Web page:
Michael Burrows is an author and poet from Perth. Here, he reads from his first novel, Where the Line Breaks, and talks about how it was inspired by an Anzac Day experience in Gallipoli, the search for Australian war poetry and his love for Western Australia.
Describe your manuscript in your own words.
Where the Line Breaks is the story of two men and how they cope with their own personal conflicts. A bundle of anonymously written Australian war poems are discovered that take the world by storm, leading to a worldwide search for The Unknown Digger. Matt is an Australian academic, writing his thesis in London in 2018, trying to prove that the great Australian war hero Alan Lewis wrote the poems, while also navigating his romantic and academic issues. Meanwhile, we follow Alan Lewis from embarkation, through training and Gallipoli and The Great Ride through the Middle East, discovering the real story of his time in the war.
What inspired you to write it?
I was lucky enough to spend Anzac Day 2013 in Gallipoli, which was an incredible experience – watching the sun rise over the water with the bugle playing, a few thousand people falling completely silent after a long night of remembrance – and before I left I shared a bunch of my favourite war poetry on Facebook. Unfortunately there isn’t a lot of Australian poetry available from the Great War, and nothing as well known as the work of Brooke and Owen and the other famous war poets. After the dawn ceremony, all the Australians in the crowd went further up the cliffs for a second ceremony at Lone Pine, and I remember sitting in the stands and thinking: why isn’t there more Australian war poetry? And I knew there was a story in there that I had to write.
How long have you been working on it?
I had the initial idea in 2013, then spent the next year or so doing a lot of research into the period but not really writing anything. In September 2015 I joined the Masters in Creative Writing Course at City University in London. The aim of the course is to come away with a polished draft of a full-length manuscript, which for me was the selling point of the course, and really sets it apart from other creative writing courses. I was lucky enough to be mentored by Evie Wyld while writing my first draft, and I graduated in 2017. I knew the manuscript needed a lot more work, so I’ve spent the past year editing it and reworking it, with a self-imposed deadline of Easter 2019, which I only just managed to make, and which coincided perfectly with the Fogarty Award deadline!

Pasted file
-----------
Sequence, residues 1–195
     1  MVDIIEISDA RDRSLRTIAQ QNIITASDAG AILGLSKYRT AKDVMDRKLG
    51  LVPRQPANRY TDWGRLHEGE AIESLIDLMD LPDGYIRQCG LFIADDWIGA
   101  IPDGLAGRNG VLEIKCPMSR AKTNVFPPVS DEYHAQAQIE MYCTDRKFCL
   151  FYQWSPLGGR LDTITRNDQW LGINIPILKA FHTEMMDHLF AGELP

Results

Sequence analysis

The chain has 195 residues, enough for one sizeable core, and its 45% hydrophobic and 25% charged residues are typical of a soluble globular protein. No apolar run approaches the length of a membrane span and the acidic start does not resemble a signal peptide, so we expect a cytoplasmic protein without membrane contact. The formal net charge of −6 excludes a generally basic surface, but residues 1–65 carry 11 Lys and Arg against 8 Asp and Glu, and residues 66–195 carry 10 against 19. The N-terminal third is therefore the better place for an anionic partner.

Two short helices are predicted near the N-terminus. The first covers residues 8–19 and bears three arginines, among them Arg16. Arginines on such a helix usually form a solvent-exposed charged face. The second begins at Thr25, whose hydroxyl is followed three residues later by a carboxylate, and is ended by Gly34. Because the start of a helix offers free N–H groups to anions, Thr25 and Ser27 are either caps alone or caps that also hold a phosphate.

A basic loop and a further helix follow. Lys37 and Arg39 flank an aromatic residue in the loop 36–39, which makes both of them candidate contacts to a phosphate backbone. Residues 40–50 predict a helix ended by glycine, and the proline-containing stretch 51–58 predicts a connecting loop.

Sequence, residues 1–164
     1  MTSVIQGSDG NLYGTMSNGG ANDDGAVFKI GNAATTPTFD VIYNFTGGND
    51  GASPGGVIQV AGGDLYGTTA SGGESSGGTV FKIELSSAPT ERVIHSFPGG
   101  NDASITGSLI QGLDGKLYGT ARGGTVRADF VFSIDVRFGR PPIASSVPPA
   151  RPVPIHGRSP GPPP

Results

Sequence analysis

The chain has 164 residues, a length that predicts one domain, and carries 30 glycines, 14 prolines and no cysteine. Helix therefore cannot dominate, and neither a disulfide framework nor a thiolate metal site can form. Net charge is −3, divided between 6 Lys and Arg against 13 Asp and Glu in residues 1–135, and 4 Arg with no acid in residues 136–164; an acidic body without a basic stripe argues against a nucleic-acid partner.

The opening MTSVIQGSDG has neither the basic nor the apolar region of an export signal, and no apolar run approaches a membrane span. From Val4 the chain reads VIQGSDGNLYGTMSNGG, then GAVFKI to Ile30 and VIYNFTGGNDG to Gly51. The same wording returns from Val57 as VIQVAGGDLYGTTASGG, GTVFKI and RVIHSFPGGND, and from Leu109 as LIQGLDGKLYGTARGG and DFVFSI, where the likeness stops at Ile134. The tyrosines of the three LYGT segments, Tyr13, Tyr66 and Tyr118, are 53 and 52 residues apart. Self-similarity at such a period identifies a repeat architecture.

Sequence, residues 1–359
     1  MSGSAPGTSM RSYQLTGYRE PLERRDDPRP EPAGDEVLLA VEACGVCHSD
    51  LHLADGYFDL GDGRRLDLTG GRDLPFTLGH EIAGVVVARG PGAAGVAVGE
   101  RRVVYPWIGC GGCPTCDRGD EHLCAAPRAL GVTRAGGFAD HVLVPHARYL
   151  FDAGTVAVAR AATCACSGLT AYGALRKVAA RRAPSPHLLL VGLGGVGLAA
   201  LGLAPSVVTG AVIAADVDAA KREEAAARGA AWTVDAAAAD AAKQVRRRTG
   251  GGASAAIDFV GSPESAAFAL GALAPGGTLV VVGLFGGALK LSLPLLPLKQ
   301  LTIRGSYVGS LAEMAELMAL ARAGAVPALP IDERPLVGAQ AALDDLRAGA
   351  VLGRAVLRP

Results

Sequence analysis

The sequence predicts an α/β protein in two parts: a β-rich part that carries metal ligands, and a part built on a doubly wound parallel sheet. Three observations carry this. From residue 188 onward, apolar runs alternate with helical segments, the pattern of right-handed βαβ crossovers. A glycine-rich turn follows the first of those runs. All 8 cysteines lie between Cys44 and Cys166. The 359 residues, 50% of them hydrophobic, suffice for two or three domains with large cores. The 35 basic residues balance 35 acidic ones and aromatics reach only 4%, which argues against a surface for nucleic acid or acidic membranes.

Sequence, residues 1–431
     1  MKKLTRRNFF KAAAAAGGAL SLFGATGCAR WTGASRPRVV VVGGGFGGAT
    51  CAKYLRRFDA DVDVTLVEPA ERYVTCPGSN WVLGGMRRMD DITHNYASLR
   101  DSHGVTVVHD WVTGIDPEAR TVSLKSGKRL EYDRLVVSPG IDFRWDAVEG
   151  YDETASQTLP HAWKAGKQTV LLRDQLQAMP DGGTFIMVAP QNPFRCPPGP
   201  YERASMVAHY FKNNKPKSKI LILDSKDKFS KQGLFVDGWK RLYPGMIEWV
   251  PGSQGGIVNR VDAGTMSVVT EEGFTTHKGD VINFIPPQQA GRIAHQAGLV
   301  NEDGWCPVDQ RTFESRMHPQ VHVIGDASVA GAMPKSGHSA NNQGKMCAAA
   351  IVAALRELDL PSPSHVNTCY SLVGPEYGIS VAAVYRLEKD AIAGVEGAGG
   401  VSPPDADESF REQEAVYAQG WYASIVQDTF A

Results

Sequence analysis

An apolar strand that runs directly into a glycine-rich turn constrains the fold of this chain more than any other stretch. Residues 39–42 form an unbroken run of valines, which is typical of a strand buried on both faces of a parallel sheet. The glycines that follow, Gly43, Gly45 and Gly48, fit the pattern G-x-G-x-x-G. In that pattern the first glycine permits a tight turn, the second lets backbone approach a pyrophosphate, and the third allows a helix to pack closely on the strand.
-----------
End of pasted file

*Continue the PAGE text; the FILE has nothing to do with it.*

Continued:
What does it mean to you to make the shortlist of the 2019 Fogarty Literary Awards?
Making the shortlist of the 2019 Fogarty Literary Awards is such a vindication of all the hard work I’ve put in editing and reworking this manuscript to where I thought it needed to be. It’s so easy to get disheartened when you’re slogging away on the nineteenth or twentieth draft, but to get shortlisted gives me the confidence to think that even if it doesn’t win, my writing could be good enough for publication, and that there are people out there who are interested in the types of things I like to write about. I also feel incredibly proud to be shortlisted for an award specifically for West Australian writers, because although much of my novel takes place in various locations around the world, it is really a love letter to Western Australia and to home.
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About Michael Burrows
Michael Peregrine Burrows is an author and poet from Perth, Western Australia. He has had short stories published in various literary magazines, and recently completed his Masters in Creative Writing in London. 'Where the Line Breaks' is his first novel.